A Jamaican living in the States was down on his luck. Out of work and broke, he started going around to various companies in the city begging for a job, any job. Finally he got to the Zoo. The Zookeeper looked stressed out. ‘The monkey escaped last night’, the Zookeeper said, ‘If you are willing to put on a monkey suit and stand in the monkey’s cage for a couple days, I’ll pay you.’ The Jamaican immediately accepted. The pay was OK and the work wasn’t hard. He swung from the tree, and the kids fed him fruits and nuts. He actually started enjoying himself. He even started adding a few acrobatic moves that he had seen on TV. Late in the afternoon he swung a bit too vigorously, lost his grip and flew clean out of the monkey cage and landed in the lion cage next door. The lion let out a huge roar and our friend in the monkey suit bawl out, ‘LAWD, ME DED NOW!’ The huge lion immediately pounced on him, grabbed him by the throat and whispered, ‘Man shut yuh mout nuh, suh we can keep di likkle wuk!’
Joe saltgoods and rum shop in Phonenix January 30, 2011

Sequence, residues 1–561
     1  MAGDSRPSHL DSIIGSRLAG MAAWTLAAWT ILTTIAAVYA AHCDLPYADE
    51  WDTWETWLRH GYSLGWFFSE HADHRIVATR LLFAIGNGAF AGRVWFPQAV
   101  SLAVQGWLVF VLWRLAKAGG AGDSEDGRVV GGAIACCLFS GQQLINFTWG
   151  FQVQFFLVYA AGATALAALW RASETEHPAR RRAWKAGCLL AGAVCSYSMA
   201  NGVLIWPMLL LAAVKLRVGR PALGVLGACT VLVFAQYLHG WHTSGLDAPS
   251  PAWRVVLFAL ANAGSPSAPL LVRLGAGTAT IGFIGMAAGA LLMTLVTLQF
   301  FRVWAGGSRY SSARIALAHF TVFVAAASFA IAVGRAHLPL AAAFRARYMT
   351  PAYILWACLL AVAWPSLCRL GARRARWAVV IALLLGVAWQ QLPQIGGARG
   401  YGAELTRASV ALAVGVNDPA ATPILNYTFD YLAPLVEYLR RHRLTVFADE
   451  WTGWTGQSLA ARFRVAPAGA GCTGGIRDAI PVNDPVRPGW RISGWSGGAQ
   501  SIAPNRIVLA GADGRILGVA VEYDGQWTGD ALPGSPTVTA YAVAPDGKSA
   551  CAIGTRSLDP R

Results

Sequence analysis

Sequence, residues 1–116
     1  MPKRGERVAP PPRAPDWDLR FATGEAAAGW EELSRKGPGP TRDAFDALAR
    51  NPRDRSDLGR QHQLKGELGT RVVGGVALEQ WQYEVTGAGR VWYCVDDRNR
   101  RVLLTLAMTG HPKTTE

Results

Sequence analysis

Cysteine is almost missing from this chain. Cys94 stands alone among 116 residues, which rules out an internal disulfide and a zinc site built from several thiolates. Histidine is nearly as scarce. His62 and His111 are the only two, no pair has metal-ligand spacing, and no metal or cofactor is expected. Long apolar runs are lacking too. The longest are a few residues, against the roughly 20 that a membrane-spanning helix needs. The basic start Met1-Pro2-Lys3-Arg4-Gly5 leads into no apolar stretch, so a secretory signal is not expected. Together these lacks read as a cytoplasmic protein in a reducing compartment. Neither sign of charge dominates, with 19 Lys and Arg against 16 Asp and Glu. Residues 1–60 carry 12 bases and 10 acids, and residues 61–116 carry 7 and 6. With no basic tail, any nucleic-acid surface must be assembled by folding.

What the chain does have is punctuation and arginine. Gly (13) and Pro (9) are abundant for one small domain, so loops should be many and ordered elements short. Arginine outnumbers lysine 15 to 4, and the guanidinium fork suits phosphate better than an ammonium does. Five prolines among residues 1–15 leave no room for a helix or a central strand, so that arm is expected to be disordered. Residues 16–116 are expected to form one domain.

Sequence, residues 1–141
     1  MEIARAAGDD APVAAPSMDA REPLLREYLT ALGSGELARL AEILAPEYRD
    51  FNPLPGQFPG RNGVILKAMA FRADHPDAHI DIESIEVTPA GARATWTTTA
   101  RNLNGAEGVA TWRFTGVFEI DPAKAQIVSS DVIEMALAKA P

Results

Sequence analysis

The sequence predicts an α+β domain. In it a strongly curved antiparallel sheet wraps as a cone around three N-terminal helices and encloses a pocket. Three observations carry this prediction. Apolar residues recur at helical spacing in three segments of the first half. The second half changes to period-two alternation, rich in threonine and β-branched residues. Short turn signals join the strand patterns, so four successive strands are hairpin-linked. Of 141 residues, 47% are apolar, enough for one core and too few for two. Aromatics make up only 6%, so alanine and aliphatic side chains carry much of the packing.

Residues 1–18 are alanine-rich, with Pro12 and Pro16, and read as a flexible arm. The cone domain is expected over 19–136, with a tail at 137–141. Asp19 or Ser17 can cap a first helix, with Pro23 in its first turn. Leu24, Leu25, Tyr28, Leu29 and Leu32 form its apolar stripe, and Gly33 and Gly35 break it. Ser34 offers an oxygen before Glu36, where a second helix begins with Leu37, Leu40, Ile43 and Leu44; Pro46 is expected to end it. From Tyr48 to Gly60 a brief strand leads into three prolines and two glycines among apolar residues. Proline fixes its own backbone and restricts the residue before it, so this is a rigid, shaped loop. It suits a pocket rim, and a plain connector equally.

Joe’s grocery store and rum shop was located across from Cardigan’s house. I think Phyllis Blake owns that property today. Joe was a hardworking man with about four children. It was the place we ran to whenever mom ran out of cooking ingredients. I used to go for a quarter pound of saltfish, quarter pound of flour or what have you. One cent meant a lot and could buy a lot of things in the old days. For example one cent could buy you two sweet biscuits or one or two candies. Remember never-done candy with the rubber band that it was hung upon? Joe also had a rum shop attached to the grocery store and his house was on top. Joe two eldest sons staffed the grocery store. They were nice. When their dad wasn’t looking they would cut their friends some slack by now charging for the extra ounce or so on a pound of flour, sugar, salt-beef etc.
Phoenix had a lot of people (men) who liked to drink a lot. They visited the rum shop on a daily basis. My dad Cardy was one of those men. He used to get drunk a lot of times and he racked up debt as well. I remember one day Joe came and asked my mom to pay my father’s rum debt and my mom was so mad she told Joe she doesn’t drink and she will not spend a cent of her hard-earned money to pay rum debt. My dad was a strange guy he stopped drinking and smoking cold turkey – no counselling or therapy like many people do in North America. I don’t know how he did it. I suppose a lot of people owed Joe money. The family finally moved from Phoenix to Essequibo Coast. I don’t think I ever saw them again. I know one of his daughters and I were in the same class in school. I can’t even remember the names of any of them. Can anyone help me with the names of Joe’s family. The family provided an important service to the people of Phoenix for many years by providing a convenient place to get grocery and other knick knacks.